As a sidenote, this past summer our library put on a series of free activities. One of those activities was an African dancer and drummer. Neither of the people were actually from Africa but both had lived and studied there and both were awesome!!! The dancer, Deja Mitchall, had everyone get up and try it and I did and I loved it. Loved it. Loved it enough that I made learning African dance one of my life goals. I kept her card to remind myself of this life goal. She teaches African dancing at the Eccles Art Center in Ogden, Utah. When my children are a wee bit older, I plan on taking a few of her classes.

If you are studying Africa and live along the Wasatch Front and want to know where you can see some actual African dancing and hear live African drumming, she'd be a good go-to person. Remember, I'm in the lazy end-of-pregnancy mode, or I'd have contacted her and set up a field trip myself.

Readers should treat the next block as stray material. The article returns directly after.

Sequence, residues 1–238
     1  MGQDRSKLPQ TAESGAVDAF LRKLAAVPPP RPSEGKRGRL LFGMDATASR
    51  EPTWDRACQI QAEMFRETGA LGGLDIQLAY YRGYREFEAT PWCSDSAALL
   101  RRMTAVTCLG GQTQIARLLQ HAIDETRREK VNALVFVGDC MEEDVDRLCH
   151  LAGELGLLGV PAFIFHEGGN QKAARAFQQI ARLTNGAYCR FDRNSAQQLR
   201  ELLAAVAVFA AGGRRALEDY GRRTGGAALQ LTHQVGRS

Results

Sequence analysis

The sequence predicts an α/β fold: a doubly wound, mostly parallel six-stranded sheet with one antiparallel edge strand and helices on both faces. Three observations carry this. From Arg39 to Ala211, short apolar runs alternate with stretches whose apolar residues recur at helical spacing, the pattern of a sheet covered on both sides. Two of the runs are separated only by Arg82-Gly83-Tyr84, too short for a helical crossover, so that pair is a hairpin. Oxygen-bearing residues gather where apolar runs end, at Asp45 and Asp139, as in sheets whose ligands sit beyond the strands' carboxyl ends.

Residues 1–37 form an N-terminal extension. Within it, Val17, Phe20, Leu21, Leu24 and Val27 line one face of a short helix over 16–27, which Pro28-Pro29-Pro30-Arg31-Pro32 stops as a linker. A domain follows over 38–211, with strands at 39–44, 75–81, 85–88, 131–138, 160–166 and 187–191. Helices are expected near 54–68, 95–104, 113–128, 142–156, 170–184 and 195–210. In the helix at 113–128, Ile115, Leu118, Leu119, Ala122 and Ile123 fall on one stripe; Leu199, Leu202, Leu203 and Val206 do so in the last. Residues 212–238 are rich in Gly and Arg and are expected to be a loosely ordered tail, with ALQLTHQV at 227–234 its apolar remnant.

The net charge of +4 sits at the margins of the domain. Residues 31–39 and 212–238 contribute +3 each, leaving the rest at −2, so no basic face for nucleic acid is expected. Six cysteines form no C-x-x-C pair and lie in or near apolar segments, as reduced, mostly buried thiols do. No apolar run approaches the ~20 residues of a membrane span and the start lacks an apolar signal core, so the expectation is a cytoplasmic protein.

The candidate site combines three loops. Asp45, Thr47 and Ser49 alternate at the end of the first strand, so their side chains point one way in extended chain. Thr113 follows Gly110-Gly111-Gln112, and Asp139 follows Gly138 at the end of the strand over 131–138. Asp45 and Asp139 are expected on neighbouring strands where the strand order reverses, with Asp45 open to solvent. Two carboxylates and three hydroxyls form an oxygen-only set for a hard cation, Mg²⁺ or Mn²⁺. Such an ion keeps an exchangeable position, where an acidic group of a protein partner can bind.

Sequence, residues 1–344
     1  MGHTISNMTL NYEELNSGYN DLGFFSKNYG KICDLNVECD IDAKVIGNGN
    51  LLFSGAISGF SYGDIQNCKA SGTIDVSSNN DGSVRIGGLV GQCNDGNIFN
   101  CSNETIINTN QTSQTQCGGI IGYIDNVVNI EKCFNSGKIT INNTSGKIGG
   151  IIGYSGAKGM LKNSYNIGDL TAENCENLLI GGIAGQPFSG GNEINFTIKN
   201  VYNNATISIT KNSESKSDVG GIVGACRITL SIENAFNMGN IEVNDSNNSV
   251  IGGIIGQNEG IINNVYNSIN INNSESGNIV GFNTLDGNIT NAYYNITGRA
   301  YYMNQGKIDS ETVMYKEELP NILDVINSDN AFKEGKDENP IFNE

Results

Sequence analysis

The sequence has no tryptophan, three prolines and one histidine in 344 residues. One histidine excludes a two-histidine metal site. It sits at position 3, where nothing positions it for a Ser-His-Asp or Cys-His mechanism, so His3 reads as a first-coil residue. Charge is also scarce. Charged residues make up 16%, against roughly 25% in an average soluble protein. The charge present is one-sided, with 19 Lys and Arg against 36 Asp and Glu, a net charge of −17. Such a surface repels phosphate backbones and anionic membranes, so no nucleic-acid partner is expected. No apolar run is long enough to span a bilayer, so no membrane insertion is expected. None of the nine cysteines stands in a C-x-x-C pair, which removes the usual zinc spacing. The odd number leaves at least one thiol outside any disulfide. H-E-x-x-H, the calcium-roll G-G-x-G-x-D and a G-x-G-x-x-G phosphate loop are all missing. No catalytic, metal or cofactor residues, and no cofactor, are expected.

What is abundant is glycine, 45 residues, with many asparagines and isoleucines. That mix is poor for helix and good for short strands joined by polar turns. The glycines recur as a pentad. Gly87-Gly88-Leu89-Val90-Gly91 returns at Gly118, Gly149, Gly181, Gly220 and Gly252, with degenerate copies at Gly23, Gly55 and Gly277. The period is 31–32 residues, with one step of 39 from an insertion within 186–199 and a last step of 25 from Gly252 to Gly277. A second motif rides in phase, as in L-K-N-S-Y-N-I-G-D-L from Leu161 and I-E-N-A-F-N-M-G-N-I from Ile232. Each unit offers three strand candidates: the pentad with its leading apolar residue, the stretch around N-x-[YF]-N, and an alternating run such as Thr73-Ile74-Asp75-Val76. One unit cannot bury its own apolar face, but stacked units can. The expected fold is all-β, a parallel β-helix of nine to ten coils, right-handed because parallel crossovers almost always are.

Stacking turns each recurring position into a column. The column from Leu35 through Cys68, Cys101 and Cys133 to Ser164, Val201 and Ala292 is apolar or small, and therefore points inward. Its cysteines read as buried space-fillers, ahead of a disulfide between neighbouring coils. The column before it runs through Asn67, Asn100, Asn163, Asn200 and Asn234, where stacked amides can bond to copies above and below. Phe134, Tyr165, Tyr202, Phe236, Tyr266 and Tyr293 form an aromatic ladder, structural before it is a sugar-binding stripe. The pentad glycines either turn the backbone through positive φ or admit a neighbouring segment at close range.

Here's her info according to her business card. Deja Mitchell: Dancer/Choreographer/Teacher African and Modern Dance. Weekly classes, workshops, Performances. 801-458-6335, tribalovedancer@hotmail.com.

If you look her up on google you'll find her website, which has some great pics of her trips to Africa and the dancing she did there. Also, she puts on a few workshops every summer at the Egyptian Theater for kids wanting to learn African dance. I fully intend to put Miriam in one when she's nine or ten--hopefully Deja will still be around then.
After watching youtube for a long time, we returned to the couch and flipped through the DK Eyewitness Book: Africa by Yvonne Ayo. Great pics. We focused on the various art work more than anything else. My son, of course, wanted to focus on the weapons so we spent some time with those as well.

I made sure I pointed out pictures of carved gourds like the one in the pic below. They are cool.

After we looked through the book, I pulled out some clay and some skewers and had the kids practice carving. Granted, clay carving with skewers is not as cool as cleaning out a gourd, drying it somehow, then carving it and dying it--but my kids still seemed to like it!